Sarah Francesca Mugabe (June 6 1931-January 27 1992)
Known as Sally Mugabe, she was wife to former president Robert Mugabe. Like many liberation war fighters she suffered at the hands of the colonial rulers. She campaigned and lobbied British Members of Parliament for the release of political detainees in Rhodesia.
As the war of liberation intensified, Cde Sally assumed a new role of mother figure and counsellor of the young guerrillas going to Mozambique as well as championing the cause for women’s rights in the rank and file of Zanu-PF.
She was elected deputy secretary of the Women’s League at the first Zanu-PF Women’s Congress held in Mozambique in 1978. Even after independence, she worked tirelessly to improve the welfare of children and the underprivileged members of society.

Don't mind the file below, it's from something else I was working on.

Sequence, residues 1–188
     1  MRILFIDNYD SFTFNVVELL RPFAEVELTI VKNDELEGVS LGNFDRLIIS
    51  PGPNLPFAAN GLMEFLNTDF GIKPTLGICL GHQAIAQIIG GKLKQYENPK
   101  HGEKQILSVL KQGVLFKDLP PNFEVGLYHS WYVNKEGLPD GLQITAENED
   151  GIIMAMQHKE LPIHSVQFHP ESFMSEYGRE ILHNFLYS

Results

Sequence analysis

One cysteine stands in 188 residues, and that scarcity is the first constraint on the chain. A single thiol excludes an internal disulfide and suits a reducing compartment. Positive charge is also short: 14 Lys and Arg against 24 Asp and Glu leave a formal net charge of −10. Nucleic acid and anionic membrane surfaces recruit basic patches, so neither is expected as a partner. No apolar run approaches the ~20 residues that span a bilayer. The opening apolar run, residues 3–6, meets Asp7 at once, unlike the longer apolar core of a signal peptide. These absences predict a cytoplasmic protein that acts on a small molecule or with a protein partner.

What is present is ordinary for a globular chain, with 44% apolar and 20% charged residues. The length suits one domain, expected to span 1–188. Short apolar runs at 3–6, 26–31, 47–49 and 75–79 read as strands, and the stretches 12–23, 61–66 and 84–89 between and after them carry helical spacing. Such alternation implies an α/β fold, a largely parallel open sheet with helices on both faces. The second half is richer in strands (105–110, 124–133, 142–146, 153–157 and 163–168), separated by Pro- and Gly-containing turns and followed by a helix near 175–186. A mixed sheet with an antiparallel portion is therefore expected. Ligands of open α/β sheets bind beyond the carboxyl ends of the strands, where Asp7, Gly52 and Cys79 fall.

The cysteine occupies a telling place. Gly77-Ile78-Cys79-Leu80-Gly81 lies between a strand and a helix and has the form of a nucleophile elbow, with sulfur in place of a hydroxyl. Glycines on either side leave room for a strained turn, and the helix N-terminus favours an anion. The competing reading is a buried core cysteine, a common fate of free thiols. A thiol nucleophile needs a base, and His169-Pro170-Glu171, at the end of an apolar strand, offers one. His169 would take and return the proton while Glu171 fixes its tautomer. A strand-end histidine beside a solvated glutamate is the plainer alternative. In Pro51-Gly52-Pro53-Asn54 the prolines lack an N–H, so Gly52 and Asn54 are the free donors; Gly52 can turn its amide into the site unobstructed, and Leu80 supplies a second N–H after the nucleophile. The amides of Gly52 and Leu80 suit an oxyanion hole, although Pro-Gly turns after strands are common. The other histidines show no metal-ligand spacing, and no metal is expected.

Julia Tukai Zvobgo (November 8, 1937-February 16, 2004)
She was wife to the late Zanu-PF legal supremo Eddison Zvobgo. Julia Zvobgo became a member of Zanu at its formation. She was constantly harassed and tortured by Rhodesian security agents who accused her of smuggling political messages to and from her husband and his colleagues who were detained.
She was elected administrative secretary for women’s affairs when she joined her husband in the armed struggle in Mozambique. She attended to problems of women in military and refugee camps and was one of the pioneers of the Women’s League.
She was among the first group of ZANU-PF cadres to return to Zimbabwe in December 1979 as part of election directorate and helped open the party’s office at the end of the Lancaster House Conference.
Joanna Nkomo known as Mama Mafuyana (September 18 1927 -June 3, 2003)
She was the wife of late Vice President of Zimbabwe and veteran nationalist, Joshua Nkomo.